We have a million tasks we need to cram into our twenty-four hours. Many people have complained – if only I had more time! I have said this myself on many occasions. So what’s the solution? Multitasking of course. What is multitasking? Multitasking is defined as dealing with more than one thing at a time. In today’s fast-paced world, we pride ourselves on multitasking.
If you are one of those who pride themselves on multitasking, I am here to burst your bubble. It’s not all it’s cracked up to be. It turns out that our brains really aren’t doing two things at once. Instead our brains are just quickly shifting from one thing to another. One of my techie friends recently told me that computers don’t even do more than one thing at a time. Computers just do things amazingly fast. So if a computer cannot multitask, why do we think we can? What’s more is that research has found negative side effects associated with multitasking.
I feel that sometimes multitasking is okay, if one task does not require brain power. For example, if you are folding laundry while watching television or if you are listening to music while working. Our brains don’t need to focus on the laundry or the music. But I do feel strongly about cutting back on multitasking in general, especially when the things we are doing requires our attention. We all know how dangerous it is to text when driving, for example.
Why do I feel so strongly about cutting out multitasking? Well all the side effects above are a good start. Personally when I try to do too many things, I feel frustrated and fruitless. But there is more. This is similar to my recent post on eliminating distractions. I don’t want to miss the life that is right in front of me. I don’t want to miss out on things God might be trying to reveal to me. I don’t want to miss out on precious moments with my loved ones.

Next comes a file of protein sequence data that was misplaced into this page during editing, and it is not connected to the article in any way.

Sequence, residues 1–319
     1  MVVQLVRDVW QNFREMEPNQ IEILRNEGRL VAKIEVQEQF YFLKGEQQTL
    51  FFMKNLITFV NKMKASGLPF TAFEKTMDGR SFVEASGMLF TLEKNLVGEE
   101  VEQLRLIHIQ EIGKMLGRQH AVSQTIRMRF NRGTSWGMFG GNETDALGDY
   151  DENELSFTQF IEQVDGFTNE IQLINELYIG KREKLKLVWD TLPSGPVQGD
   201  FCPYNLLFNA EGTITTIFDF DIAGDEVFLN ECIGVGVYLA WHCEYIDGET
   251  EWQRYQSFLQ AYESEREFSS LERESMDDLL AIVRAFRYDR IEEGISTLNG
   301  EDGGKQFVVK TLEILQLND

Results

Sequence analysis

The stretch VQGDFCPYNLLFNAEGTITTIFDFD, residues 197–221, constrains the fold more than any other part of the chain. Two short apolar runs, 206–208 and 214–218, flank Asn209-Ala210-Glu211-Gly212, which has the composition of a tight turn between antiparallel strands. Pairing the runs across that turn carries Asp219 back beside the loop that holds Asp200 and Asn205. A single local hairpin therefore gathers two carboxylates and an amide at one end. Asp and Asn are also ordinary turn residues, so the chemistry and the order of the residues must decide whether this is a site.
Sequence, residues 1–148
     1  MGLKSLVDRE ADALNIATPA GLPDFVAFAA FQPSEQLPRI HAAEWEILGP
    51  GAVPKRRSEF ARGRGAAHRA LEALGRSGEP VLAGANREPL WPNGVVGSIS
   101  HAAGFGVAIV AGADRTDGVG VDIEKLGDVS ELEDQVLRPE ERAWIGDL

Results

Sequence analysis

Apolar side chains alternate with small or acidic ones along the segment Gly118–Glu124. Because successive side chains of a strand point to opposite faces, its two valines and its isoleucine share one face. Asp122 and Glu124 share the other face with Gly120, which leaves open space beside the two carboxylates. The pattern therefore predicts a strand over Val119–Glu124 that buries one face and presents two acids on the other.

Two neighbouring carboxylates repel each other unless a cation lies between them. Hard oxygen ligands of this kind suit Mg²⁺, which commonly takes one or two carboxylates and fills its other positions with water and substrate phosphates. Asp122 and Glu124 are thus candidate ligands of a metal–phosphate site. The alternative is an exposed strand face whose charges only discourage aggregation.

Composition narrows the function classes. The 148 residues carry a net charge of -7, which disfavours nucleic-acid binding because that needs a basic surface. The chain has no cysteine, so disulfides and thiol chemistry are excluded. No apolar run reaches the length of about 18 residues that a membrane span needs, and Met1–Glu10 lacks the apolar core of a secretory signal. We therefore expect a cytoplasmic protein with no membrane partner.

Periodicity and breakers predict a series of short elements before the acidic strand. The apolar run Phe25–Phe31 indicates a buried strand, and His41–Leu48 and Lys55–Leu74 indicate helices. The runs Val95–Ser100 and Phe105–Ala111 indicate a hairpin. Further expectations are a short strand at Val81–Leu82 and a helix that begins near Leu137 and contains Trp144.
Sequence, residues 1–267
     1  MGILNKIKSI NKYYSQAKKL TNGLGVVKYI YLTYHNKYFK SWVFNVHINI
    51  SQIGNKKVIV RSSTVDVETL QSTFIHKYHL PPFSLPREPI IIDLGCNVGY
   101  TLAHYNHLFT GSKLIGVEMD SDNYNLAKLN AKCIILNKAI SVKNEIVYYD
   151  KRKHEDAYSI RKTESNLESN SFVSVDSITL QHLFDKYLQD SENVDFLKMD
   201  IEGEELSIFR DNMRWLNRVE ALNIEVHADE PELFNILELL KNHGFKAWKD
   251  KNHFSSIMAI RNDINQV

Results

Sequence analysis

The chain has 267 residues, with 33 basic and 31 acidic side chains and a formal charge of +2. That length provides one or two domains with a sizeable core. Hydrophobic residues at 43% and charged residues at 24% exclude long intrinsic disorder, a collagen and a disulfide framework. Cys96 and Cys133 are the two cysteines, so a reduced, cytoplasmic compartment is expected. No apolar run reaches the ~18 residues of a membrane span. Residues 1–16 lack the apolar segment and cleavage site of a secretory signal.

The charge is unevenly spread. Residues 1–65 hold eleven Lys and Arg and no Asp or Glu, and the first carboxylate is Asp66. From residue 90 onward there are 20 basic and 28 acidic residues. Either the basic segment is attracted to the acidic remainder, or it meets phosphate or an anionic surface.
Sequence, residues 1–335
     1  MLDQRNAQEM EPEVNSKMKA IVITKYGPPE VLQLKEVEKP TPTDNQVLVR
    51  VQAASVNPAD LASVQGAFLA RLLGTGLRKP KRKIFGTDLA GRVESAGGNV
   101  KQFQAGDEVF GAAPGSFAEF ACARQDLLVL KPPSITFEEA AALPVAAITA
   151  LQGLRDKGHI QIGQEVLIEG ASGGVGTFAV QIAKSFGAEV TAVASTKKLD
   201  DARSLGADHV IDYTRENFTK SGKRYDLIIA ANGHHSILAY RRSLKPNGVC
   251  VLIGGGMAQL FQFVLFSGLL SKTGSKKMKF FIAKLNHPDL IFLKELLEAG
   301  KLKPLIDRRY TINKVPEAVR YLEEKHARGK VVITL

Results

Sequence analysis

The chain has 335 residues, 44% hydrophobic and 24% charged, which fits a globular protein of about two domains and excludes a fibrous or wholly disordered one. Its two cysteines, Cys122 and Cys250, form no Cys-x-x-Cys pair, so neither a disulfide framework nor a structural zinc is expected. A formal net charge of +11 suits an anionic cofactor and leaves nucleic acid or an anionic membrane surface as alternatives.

Perhaps you are familiar with the story of the sisters, Martha and Mary, found in Luke 10:38-42. On this particular occasion, Jesus was at their home. Martha was running around tending to preparations while Mary sat at Jesus’ feet. Martha complained about her sister not helping. “Martha, Martha,” the Lord answered, “you are worried and upset about many things, but few things are needed—or indeed only one. Mary has chosen what is better, and it will not be taken away from her” (v 41-42). How sad that Martha missed out on time with the Savior because she was distracted! It even says in verse 40 that “Martha was distracted.” When we have a gathering at our homes, we want to make sure everything is perfect. I have been there and I am sure many of you have too. While it is admirable to put our best hospitality foot forward, we should not allow it to take away from the fellowship.
This is just one example. There are many other times when we are multitasking and miss out on things. We might be intent on listening to our favorite sitcom, but miss something the person right in front of us said. Or maybe we are on the telephone with someone, but we allow our mind to start worrying about a project at work. I am sure you can think up some examples as well. Let me put it to you another way. We don’t like when someone is ignoring us because they are focused on something else. So let’s set a good example and not do the same.
Life is made up of small moments. These moments can hold so much meaning, if we are present. And these meaningful moments can turn into deep conversations, and lasting memories. I want to be able to look back on these moments with joy, not with regret. How about you?
© 2020 Bridget A. Thomas